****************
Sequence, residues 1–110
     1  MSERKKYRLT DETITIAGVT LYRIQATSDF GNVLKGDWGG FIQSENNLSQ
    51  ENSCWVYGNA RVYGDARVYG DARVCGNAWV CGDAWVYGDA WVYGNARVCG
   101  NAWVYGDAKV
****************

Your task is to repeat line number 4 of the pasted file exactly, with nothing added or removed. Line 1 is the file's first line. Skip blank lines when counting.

   101  NAWVYGDAKV